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Nature’s Ways: Black-Capped Chickadee — a Year-Round Feeder Visitor

Chick-a-dee-dee-dee, chick-a-deedee-dee” — the tiny black-capped chickadee punctuates the crisp winter air with its cheery call. Although cardinals often grace Christmas cards, the chickadee is a close second in that department.

Almost everyone likes this friendly bird that visits our feeders for a handout of sunflower seeds.

Unless you live in the extreme southwest or southeastern parts of the state, the black-capped chickadee is a common winter bird and a regular visitor to bird feeders.

In Pennsylvania’s southern corners, and now across the southern tier counties, the black-capped is being replaced by the very similar, but normally more southerly, Carolina chickadee.

Volunteers assisting with the first Atlas of Breeding Birds in Pennsylvania (1983-1989) found the black-cap in 84 percent of the state and the Carolina in 14 percent.

By 2009, Carolina chickadees had increased their range by over 55 percent. According to Robert Curry, in the Second Atlas of Breeding Birds in Pennsylvania, Carolina chickadees are moving northward at approximately .6 miles per year.

Carolina chickadees have not yet colonized Centre County or the higher elevations in Pennsylvania, but they occur in over 20 counties.

These migrants are already in Pittsburgh, Harrisburg, Philadelphia and almost to Altoona. If their expansion continues at the current rate, you could expect to see Carolina chickadees cross-breeding with and replacing black-capped chickadees in Centre County within 20 years.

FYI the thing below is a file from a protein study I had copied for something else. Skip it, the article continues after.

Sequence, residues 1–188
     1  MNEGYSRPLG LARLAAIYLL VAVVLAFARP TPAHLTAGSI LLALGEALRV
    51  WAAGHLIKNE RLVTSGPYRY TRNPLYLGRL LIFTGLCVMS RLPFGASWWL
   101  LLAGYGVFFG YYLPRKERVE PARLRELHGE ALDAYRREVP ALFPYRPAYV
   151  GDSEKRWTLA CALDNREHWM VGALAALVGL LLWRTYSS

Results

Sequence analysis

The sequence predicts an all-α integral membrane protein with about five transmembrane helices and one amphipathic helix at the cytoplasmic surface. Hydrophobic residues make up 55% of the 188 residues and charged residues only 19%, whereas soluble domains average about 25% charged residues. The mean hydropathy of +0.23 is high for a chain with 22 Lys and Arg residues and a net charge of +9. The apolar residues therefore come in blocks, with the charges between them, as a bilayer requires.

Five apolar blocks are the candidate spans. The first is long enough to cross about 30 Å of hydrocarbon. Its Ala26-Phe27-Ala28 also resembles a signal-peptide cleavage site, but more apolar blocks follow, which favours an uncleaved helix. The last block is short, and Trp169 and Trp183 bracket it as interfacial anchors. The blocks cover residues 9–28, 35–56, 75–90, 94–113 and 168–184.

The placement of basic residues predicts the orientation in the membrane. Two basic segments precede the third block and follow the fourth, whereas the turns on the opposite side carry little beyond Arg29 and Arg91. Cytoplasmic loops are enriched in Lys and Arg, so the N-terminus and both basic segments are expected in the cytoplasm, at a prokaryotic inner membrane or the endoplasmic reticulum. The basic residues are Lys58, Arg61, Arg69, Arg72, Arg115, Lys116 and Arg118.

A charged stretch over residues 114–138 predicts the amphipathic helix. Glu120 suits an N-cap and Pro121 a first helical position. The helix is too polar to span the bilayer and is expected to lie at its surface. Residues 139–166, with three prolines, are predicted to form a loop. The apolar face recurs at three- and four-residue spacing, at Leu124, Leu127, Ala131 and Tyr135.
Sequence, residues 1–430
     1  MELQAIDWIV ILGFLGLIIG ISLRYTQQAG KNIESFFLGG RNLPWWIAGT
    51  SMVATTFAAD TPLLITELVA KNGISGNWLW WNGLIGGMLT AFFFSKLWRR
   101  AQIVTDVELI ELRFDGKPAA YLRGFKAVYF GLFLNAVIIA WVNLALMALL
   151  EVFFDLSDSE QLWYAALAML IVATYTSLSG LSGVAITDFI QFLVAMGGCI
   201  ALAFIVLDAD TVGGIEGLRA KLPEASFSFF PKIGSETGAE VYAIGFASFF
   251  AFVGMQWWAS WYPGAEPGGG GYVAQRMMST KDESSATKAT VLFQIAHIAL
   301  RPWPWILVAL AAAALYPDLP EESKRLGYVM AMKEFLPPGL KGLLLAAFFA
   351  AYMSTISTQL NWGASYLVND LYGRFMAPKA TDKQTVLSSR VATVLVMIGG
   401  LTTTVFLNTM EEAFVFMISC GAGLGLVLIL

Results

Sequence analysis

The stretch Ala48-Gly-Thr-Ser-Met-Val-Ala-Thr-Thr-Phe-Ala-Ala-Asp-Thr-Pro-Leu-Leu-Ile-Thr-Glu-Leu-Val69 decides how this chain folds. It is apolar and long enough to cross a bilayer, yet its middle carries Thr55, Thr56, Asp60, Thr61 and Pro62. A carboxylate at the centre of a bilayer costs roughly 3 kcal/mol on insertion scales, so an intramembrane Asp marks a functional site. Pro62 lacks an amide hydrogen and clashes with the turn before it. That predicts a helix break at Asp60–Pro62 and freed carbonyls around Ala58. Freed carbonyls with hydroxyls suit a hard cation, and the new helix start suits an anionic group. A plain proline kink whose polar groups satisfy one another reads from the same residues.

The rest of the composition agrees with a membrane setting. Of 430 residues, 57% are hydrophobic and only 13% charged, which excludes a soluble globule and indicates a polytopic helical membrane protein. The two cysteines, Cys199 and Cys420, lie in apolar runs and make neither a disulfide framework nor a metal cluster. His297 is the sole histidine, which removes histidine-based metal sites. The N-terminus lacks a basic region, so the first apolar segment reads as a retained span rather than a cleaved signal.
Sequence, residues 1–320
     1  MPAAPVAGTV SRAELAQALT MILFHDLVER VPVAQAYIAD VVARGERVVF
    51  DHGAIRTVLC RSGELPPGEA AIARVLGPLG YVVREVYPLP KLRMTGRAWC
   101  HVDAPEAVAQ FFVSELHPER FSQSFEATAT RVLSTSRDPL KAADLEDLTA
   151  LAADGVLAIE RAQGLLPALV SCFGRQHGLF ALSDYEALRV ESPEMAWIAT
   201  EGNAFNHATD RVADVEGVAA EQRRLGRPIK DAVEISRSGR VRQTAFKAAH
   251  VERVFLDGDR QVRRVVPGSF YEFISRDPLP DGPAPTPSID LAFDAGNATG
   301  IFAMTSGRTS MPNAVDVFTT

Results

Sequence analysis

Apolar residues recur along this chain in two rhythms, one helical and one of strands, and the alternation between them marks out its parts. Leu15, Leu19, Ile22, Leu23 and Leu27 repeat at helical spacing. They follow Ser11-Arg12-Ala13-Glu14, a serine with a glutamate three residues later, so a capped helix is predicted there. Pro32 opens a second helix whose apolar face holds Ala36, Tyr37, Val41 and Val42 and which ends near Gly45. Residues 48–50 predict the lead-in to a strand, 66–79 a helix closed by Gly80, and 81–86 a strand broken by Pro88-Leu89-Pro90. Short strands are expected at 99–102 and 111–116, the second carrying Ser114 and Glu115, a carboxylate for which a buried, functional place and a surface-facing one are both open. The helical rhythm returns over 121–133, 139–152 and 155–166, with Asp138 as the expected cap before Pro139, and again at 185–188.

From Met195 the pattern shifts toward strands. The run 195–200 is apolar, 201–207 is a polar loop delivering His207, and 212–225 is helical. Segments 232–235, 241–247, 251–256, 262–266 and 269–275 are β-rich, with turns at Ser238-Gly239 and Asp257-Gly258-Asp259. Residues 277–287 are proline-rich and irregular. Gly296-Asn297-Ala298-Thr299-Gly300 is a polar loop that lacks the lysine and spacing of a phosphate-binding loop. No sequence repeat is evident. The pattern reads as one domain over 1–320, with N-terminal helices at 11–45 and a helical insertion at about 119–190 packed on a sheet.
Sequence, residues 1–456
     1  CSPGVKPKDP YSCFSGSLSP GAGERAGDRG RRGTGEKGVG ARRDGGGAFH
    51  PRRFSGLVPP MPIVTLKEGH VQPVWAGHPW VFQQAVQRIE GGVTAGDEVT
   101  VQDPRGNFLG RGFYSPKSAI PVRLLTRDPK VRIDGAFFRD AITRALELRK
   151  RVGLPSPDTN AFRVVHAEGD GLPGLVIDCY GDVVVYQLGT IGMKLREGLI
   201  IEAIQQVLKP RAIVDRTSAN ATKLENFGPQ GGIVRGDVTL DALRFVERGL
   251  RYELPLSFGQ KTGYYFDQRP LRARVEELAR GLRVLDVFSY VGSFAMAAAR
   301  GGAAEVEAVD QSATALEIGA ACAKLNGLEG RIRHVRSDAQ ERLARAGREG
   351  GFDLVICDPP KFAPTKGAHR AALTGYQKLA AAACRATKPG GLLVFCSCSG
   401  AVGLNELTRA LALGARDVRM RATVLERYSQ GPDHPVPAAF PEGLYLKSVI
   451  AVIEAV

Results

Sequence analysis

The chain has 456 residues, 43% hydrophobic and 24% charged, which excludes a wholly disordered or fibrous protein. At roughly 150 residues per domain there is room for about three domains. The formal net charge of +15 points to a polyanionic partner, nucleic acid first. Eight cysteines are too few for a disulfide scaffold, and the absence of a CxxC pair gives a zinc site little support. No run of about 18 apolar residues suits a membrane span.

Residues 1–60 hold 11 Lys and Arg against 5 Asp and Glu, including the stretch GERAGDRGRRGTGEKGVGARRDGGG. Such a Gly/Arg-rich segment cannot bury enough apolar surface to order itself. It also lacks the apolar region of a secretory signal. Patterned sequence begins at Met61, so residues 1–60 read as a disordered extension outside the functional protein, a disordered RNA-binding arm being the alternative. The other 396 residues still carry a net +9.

The chickadee is a daily visitor to my feeding stations. Each winter, Cornell Lab of Ornithology’s official feeder watchers in their Allegheny Region (NY and PA) report the black-capped/Carolina chickadee as a visitor at well over 90 percent of their feeders.

The black-capped chickadee’s range extends across most of the northern United States, including Alaska and much of Canada. Two states — Maine and Massachusetts — have honored the chickadee by making it their official state bird.

The chickadee measures only about five inches long and could easily hide, but hiding is not in its personality. They are not shy birds.

“Black-capped” is a very accurate description of the bird. The top of the chickadee’s small, domed head is covered in black and it sports another large, black chin patch. Chickadees’ cheeks and breast are white, accented with a little rust on their flanks, while their backs and wings are gray.

They also have short, slender black bills.

Both sexes wear the same plumage.

Other small, black, white and gray birds that visit my feeders include white-breasted nuthatches, dark-eyed juncos and tufted titmice.

However, it is easy to distinguish the chickadee from each of these.

The nuthatch has a long bill and often lands on the side of trees facing downward. The junco is slate gray with no black at all. The titmouse has very little black and is adorned with a crest at the top of its head.

Aside from the Carolina chickadee, the tufted titmouse is the closest Pennsylvania relative to the black-capped chickadee.